Tell council we want scenic trail gateway

2 September, 2022

Put up or shut up. Not that our friends at Mt Alexander Shire Council would say it so impolitely, of course!

But that’s the gist for two big plans the shire council is hatching that will have a very big impact on how one “gateway” to our trail will present to thousands of visitors each year. 

With a couple of hundred visitors expected to leave or arrive via Castlemaine Railway Station, that makes the trail’s “gateway” a big deal.

Over the next few weeks, the Council is listening intently to what shire residents think about a redevelopment of Camp Reserve. The historic reserve lies on the eastern doorstep of the station, and a long neglected arboreal avenue beside it would make the best location for a trail start.

We need Trail Blazers who live in Mt Alexander Shire to tell council by 22 September what you want. Here are our suggestions.

Camp Reserve

What we need for the Reserve and in terms of the trail are:

  • a dedicated cycling and walking path beside Barkers Creek that “announces” our trail by linking the railway station to the Botanic Gardens and The Mill to the north, and Campbells Creek Trail to the south
  • maintaining scenic and historic features of the Reserve including the western grassy hill and not chopping down trees or burying more than two thirds of the hill under several hundred square metres of concrete as the Council is currently proposing
  • sympathetic development of the Reserve that helps celebrate it as “ground zero” for Castlemaine’s Goldrush heritage, including the historic Gold Commissioner’s Camp

Shire residents have until Thursday 22 September to give Council your feedback

Council is moving steadily towards detailed plans for the Reserve’s redevelopment. That means your feedback is urgent and important. The Council is working to a 2019 master plan that replaced a 2011 plan that had a more trail-friendly outlook.

A local community advocacy group has put forward an alternative design for the Reserve. The alternative design is more congruent with what our trail needs. You can compare it with the Council plan.

The group’s design includes an unimpeded creekside pathway that would link visitors with the Campbells Creek Trail (to Guildford) or up to The Mill. The council plan (currently) contains nothing for the trail.

Railway station precinct

The precinct around the Castlemaine Railway Station is also a big deal for the trail.

Things we’d like to see are:

  • direct access from the station to a dedicated cycling and walking path beside Barkers Creek that connects to the Campbells Creek Trail and then onto our trail proper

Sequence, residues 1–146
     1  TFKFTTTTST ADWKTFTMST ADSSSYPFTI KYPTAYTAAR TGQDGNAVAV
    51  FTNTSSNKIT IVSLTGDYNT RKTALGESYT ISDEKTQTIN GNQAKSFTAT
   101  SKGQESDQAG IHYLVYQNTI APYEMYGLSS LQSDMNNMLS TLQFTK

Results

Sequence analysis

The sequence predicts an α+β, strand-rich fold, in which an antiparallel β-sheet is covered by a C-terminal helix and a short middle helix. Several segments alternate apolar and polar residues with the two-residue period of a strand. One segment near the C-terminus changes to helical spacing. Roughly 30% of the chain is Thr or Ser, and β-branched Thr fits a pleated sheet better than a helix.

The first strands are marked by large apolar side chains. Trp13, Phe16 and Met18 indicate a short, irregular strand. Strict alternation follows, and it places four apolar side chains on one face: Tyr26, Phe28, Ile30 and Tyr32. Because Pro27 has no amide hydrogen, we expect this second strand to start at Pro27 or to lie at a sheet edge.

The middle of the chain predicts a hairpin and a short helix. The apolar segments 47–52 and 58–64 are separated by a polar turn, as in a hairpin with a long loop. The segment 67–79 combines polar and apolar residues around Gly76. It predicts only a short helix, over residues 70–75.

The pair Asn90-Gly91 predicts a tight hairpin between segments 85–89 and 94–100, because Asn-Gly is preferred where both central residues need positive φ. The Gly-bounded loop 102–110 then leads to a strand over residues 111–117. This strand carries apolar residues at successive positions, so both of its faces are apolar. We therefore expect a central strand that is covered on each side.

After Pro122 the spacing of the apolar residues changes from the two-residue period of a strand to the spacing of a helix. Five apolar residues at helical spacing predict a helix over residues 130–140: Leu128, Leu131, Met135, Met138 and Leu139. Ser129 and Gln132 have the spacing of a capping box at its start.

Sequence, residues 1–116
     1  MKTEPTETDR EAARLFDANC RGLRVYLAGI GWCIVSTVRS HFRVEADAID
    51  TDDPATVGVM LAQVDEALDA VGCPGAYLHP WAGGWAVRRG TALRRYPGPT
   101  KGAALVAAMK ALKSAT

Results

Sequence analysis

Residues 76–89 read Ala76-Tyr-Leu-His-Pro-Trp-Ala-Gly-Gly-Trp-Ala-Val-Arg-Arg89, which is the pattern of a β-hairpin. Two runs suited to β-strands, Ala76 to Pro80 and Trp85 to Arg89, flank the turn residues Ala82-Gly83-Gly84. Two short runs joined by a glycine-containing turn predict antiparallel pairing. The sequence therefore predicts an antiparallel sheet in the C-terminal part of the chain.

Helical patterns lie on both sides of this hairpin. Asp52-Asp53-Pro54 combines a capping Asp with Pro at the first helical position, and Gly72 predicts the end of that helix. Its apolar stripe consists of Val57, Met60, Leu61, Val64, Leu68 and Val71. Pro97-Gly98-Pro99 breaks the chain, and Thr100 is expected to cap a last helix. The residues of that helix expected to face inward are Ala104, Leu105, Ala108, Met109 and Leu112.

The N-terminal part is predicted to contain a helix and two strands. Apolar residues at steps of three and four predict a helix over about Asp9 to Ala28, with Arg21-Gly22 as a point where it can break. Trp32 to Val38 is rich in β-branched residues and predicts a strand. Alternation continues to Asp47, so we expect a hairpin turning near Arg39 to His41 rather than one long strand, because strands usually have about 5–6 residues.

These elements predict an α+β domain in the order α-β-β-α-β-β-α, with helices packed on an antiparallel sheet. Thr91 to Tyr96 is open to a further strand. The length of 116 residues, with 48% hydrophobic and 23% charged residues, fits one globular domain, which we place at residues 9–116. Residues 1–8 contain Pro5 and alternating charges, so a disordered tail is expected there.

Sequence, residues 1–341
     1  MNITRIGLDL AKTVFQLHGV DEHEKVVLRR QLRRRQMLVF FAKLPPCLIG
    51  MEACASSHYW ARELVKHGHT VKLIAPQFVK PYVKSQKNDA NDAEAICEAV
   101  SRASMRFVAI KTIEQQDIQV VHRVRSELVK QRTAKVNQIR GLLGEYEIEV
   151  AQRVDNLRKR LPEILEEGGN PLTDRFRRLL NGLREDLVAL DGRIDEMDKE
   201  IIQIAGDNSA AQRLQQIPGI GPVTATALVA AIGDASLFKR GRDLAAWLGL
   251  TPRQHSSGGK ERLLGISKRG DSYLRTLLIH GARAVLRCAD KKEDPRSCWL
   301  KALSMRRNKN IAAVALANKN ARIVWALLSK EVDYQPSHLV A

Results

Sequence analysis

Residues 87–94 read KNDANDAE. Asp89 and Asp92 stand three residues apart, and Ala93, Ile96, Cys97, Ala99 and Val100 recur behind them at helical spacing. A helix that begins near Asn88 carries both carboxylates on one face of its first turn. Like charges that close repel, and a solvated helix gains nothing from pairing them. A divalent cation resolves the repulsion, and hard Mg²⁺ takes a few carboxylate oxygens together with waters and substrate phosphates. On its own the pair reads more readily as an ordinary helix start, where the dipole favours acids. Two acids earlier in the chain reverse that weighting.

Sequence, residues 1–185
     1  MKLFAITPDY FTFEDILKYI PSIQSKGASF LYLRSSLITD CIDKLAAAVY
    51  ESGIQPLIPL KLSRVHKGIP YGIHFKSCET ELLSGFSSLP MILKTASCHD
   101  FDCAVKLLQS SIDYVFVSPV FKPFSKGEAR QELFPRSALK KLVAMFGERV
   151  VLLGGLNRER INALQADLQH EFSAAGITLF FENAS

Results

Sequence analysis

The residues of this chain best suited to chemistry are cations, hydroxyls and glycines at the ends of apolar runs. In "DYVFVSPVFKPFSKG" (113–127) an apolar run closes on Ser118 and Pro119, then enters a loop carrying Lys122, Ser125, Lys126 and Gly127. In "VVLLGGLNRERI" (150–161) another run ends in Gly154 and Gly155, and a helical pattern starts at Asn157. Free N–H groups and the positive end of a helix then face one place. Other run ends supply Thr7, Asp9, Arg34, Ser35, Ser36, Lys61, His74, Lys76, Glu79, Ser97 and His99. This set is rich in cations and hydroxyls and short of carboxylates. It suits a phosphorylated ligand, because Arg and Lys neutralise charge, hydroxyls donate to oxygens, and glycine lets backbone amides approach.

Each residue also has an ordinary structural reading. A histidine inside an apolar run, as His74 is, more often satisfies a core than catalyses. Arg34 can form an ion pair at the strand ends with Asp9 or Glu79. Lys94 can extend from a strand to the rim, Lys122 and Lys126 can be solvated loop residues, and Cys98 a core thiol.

• provision for interpretative and other signage that helps trail visitors navigate the trail route and learn about the precinct’s history and many attractions nearby
  • better cycling and walking access between the historic station and goods shed and the The Mill and Botanic Gardens nearby as visitor destinations
  • more places to lock up bicycles (there are none really)
  • other creative possibilities for scenic and safe access along a major north-south tourism and community spine for the township   

The Council is much earlier in its planning for the railway precinct than the Reserve that it abuts.

Council is asking Shire residents to provide ideas and feedback to help shape its precinct master plan by 15 October 2022

Cycling and walking strategy

Later this year, we’re expecting the Council to rejuvenate its plans for a new cycling and walking strategy. The last 10-year strategy expired in 2020. We’re hoping the strategy gives a prominent place to our trail. 

CMRT has made a proactive contribution towards the foundations of the strategy over the past year or two through umbrella group, Mount Alexander Cycling (MAC). CMRT is a foundation member of MAC, an advocacy group that champions the interests of cyclists across the Shire.

The group recently won support for increased funding for a cycling “black spot” at Fogartys Gap that has taken the lives of several cyclists. 

CMRT has also been involved in shaping Central Goldfields Shire Council’s cycling and walking strategy. Central Goldfields recently nominated the trail as one of its most important tourism-related infrastructure developments for the next decade.